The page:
'We are the 99%,' L.A. marchers chant at protest
As protesters around the world marked a "global day of action," hundreds took to the streets of downtown Los Angeles about noon Saturday to vent frustration over dismal job prospects and the failure of government to get the economy back on track.
"I'm one of the 99%," said Walt Metivier of Torrance, referring to the vast majority of Americans who are not among the wealthiest. "I work for a large oil company, and I'm fortunate, but I want to see a future for my grandchildren." And right now, he said, he doesn't.
Marchers carried signs reading "Corporations are not people" and "Trickledown made us pee-ons."
Wall Street and big corporations bore the brunt of people's anger. "Banks are sitting on money, and my house is under water," said Sharon Stewart, 65, a retired USC worker who lives in Phoenix. "I'm frightened about Medicare and Social Security. Children and grandchildren are being negatively impacted by the economic crisis."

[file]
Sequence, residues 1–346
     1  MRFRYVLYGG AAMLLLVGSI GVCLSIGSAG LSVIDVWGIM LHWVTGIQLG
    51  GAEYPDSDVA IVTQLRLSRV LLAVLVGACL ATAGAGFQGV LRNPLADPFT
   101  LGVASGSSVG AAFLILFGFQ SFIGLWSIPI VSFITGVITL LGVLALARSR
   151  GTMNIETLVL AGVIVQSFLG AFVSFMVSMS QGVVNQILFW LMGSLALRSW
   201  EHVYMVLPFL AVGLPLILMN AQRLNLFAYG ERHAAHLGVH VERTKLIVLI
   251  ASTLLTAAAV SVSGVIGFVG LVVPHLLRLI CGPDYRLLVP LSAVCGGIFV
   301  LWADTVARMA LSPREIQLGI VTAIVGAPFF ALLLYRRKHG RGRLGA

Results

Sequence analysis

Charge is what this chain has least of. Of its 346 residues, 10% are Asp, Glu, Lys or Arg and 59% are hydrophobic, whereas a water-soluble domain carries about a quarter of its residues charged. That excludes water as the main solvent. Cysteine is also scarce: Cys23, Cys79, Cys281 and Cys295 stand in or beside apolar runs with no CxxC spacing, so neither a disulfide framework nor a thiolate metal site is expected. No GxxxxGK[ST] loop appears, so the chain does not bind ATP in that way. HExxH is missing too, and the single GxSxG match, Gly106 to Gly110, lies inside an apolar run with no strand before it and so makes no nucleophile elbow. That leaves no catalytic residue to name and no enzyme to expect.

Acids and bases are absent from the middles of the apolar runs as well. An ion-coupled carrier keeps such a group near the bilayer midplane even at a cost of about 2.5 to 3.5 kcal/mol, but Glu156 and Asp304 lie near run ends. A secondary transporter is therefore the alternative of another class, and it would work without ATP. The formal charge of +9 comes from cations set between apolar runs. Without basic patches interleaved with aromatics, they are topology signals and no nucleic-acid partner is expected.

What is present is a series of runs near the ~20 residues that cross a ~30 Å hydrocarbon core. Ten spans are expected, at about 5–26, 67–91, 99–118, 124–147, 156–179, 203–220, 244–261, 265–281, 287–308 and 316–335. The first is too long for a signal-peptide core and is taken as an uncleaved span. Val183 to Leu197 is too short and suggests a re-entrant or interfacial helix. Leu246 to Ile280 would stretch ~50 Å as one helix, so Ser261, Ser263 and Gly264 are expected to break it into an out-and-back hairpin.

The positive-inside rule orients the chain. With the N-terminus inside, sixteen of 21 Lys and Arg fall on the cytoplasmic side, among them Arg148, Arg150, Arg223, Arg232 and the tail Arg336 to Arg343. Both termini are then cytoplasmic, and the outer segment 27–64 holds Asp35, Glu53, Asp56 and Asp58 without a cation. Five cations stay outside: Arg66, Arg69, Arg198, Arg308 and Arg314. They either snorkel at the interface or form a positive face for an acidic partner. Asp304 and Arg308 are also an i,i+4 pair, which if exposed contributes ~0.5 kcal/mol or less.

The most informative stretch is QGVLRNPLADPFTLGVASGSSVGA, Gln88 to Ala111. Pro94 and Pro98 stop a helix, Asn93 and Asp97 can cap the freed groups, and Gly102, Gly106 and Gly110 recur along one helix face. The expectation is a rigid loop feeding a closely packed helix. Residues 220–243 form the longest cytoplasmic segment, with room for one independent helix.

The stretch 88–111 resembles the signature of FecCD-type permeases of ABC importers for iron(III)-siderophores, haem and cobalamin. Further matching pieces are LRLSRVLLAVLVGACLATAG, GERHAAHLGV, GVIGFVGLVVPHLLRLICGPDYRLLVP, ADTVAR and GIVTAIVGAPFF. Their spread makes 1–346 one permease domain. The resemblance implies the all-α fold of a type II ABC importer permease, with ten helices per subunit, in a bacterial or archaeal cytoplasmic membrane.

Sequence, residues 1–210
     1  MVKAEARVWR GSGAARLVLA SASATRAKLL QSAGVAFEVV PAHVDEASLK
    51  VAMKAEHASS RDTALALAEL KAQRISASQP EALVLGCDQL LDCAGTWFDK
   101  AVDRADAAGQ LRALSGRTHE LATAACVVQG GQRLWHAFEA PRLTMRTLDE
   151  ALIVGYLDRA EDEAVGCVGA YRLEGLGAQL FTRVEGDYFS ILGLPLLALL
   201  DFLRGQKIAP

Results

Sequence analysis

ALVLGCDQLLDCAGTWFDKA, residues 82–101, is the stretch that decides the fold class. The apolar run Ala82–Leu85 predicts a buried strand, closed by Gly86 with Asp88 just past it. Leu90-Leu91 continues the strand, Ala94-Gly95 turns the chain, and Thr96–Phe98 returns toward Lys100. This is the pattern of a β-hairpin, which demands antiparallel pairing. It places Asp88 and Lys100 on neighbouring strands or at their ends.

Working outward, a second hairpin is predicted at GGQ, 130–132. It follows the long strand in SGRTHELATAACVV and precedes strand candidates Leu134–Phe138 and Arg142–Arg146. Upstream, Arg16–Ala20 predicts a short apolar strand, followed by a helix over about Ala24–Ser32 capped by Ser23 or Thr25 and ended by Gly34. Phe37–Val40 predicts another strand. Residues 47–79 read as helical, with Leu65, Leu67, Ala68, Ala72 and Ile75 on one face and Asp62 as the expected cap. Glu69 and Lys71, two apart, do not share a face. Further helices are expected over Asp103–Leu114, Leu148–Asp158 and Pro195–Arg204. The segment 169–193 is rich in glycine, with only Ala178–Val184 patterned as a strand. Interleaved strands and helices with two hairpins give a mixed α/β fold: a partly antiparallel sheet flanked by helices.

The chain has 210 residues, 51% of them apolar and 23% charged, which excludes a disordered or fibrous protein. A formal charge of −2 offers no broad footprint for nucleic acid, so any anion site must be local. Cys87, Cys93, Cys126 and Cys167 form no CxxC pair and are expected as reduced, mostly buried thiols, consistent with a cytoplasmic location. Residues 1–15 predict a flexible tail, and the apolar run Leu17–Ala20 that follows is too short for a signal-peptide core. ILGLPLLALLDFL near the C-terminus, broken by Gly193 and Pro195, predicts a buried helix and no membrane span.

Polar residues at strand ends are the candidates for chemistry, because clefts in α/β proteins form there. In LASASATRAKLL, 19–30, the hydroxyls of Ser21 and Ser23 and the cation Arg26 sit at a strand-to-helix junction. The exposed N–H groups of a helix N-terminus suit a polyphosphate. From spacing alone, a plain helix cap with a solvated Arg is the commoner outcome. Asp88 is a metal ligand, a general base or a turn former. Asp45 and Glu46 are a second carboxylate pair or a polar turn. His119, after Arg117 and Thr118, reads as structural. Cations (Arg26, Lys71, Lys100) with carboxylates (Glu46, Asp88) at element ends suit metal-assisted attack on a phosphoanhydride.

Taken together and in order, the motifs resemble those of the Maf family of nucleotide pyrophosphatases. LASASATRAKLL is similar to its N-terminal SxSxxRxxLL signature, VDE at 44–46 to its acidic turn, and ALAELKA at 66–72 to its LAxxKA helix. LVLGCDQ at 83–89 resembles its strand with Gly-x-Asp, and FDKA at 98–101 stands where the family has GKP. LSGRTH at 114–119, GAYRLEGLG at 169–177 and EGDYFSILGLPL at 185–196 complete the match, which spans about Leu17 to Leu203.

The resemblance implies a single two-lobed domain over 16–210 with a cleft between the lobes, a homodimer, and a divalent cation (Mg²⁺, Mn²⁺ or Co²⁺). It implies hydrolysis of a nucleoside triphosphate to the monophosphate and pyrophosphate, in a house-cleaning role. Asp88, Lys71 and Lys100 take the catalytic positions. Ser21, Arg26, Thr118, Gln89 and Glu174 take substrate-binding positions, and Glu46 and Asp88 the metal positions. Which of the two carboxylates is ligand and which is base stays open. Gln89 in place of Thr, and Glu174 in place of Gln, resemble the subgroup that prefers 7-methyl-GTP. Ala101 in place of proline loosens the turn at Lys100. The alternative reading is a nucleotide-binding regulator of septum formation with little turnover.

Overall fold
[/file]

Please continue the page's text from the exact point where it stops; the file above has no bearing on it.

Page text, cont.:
The protesters' chants echoed off the walls of high-rises and overpasses. "Whose streets? Our streets." "We got sold out. Banks got bailed out." "We are the 99%!"
Despite the frustration and anger that many protesters expressed, the march took on a festive atmosphere. Families walked together, with toddlers atop their fathers' shoulders. One woman twirled a Hula-Hoop around her middle as she walked. A man strummed a guitar. Several people played drums.
-- Martha Groves
Photo: Occupy L.A. protest. Credit: Rick Loomis / Los Angeles Times.